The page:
But watching Polamalu and Taylor listen intently to Porter, it seemed like 2005 all over again. That's when the two were young players following the lead of the brash, fully charged linebacker who may have been most responsible for the Pittsburgh Steelers ending a quarter-century Super Bowl drought that season.
A couple of hours later, Porter revealed just how much time has passed since he was the soul and guts of a defense in which players fed off the emotional lather that once possessed "J Peezy" to try to board the Baltimore Ravens teams bus after a game because he had unfinished business with none other than Ray Lewis.
Talking about his fledging coaching career after a minicamp practice, Porter candidly said, "I don't have all of the answers. As a player I would say something slick like I knew it all. As a coach I've got to be humble because I don't."
A humble Joey Porter? That must mean up is down, black is white and Johnny Manziel is a recluse.
But watching Porter lead the linebackers in a drill during offseason practices or give pointers to one of the players he is now mentoring served up proof that the five-alarm fire that drove him as a player has simply been transferred to Porter's latest endeavor.
"I'm a coach like I played," said Porter, who joined Mike Tomlin's staff as a defensive assistant in February. "I'm going to coach with my emotion. The coaching staff that I have the opportunity to work with is amazing because these guys know exactly who I am."
Indeed when linebackers coach Keith Butler told his players about Porter trying to get on the Ravens' bus, something that shaped his "J Peezy" persona in Pittsburgh, he didn't relay the story just to draw laughs.
He was trying to make a point.
"Joey always had that kind of barn boss attitude when he played," Butler said, "and we need some of that."
Yes, they do.
The Steelers managed just 34 sacks last season, their lowest total since 1990, and their defense scares nobody this side of their own fan base.
Tomlin didn't just hire Porter to pump up the volume at Steelers' headquarters and instill swagger in the linebackers' meeting room. The latter will work closely with 2013 first-round pick Jarvis Jones, who plays right outside linebacker, the position that Porter owned during his eight-year career with the Steelers.
Jones played extensively as a rookie but managed just one sack. It is critical for a defense that slipped appreciably in 2013 that Jones makes a big jump in his second season.
Jones has gotten stronger and the 6-foot-2, 245-pounder will play faster this season because he has a much better grasp of the defense.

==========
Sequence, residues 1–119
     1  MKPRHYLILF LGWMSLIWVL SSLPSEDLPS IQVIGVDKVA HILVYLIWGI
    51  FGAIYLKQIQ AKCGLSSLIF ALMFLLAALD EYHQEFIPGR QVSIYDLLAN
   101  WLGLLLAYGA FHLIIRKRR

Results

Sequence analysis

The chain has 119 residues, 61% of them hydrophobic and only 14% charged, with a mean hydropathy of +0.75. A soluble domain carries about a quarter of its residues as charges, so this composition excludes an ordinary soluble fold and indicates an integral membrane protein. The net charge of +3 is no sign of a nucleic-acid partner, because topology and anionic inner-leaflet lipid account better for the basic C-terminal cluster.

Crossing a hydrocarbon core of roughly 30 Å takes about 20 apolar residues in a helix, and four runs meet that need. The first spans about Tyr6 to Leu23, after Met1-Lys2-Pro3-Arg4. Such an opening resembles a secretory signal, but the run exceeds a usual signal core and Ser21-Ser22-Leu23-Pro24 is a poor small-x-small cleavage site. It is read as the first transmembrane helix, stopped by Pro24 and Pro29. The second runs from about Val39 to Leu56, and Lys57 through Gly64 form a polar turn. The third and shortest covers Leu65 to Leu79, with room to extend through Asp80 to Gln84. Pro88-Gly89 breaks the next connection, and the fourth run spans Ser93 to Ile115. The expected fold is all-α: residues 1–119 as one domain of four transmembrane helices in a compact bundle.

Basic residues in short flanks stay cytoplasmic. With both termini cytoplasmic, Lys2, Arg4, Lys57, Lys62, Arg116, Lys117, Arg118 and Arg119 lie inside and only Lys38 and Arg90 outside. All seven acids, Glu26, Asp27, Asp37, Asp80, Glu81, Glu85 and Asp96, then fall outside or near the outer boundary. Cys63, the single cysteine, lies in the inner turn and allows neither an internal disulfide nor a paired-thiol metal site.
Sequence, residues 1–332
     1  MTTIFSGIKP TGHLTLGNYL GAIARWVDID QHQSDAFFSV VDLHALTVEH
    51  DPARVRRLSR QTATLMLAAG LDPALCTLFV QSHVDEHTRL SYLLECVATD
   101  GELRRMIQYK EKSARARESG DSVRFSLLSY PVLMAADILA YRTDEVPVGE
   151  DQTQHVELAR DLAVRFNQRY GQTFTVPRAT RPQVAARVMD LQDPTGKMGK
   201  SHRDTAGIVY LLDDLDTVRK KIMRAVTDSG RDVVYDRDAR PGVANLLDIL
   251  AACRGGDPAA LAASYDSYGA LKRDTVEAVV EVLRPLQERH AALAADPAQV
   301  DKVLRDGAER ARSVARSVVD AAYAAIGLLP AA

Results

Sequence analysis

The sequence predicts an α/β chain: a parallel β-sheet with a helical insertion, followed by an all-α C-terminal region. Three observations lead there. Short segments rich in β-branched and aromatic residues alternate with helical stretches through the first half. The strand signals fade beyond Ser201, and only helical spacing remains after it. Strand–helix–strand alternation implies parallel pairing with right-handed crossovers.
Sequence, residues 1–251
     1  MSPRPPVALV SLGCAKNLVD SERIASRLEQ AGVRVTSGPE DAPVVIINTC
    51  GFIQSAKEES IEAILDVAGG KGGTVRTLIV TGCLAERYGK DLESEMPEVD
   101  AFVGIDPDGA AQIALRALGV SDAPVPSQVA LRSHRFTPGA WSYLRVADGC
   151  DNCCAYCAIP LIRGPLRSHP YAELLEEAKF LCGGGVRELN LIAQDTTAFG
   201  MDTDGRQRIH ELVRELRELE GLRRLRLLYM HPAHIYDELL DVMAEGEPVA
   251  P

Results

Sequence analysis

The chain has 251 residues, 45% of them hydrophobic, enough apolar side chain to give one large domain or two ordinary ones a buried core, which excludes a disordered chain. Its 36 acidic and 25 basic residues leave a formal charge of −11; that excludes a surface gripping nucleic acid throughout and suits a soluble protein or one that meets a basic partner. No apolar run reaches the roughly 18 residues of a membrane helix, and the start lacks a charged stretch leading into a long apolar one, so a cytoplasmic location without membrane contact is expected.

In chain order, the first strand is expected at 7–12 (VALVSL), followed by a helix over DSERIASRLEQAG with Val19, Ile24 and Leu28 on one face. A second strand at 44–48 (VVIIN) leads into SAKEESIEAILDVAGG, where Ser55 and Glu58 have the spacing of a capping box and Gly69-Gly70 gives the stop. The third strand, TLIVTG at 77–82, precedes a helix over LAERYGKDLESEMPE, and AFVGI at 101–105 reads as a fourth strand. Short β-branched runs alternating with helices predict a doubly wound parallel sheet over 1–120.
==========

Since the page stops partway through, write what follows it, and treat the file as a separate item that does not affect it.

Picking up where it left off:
Meanwhile, Porter can only help Jones develop a repertoire of pass-rushing moves, something that was lacking from his game last season.
"Pass rush is all [about] believing that you can beat the guy and execute your craft," said Porter, whose 60 sacks from 1999-2006 rank fifth on the Steelers' all-time list. "You've got to work on it. You just can't go out there and not do pass rush during the week and go out there and expect to get a sack on Sunday. It's not that easy, so you have to really work. That's what I'm trying to get him to do is just work."
It would be an understatement to say that Porter has a willing protégé in Jones.
"I'm in his head every day, always asking questions, always trying to figure out the best way to do it," Jones said. "He's always on my butt about just grinding. Not saying that I don't push myself but he's always after me just to keep me going. There's always a next level and that's what he's brought to our whole unit."
There is a limit to how much Porter can help the Steelers' defense though he has kept himself in the kind of shape that suggests he is not far physically from the days when he tormented quarterbacks.
But Porter, who retired after the 2012 season, is clearly serious about coaching and is not just doing it while he figures out what he wants to do with the rest of his life.
Porter spent last season as an assistant coach at Colorado State, his alma mater, and he said he wants to go as far as coaching will take him.
"I can't see myself putting on a suit and tie and sitting behind a desk for eight hours. That would just drive me crazy," Porter said. "I need the smell of the grass. I need to be out here on a football field. I feel like I'm at my best when I'm out here. Even though I can't play no more I still feel like I have a good opportunity to help kids who want to get there."
He is still a kid himself in that he is only 37 and is just getting started in coaching. Porter is young enough that a handful of his former Steelers teammates are still in the locker room he once dominated with his force of personality.
Polamalu and Taylor jokingly remind him of how things have changed by occasionally calling him "Coach Porter." But Polamalu, who is nearing the end of his playing career, knows how valuable it is having Porter back in the Steelers' building.
"He really embodied the Steelers' way and the Steelers' attitude," the veteran strong safety said.
Now coach Porter just has to do it in a different capacity.
"I see all these young guys now. I used to be that," Porter said. "Fifteen years in this business, working as a player [and] now being a coach. In time I don't care who you are, you will humble yourself at some point in time when you get older, and I can just say I'm older. I'm wiser than I was at 22."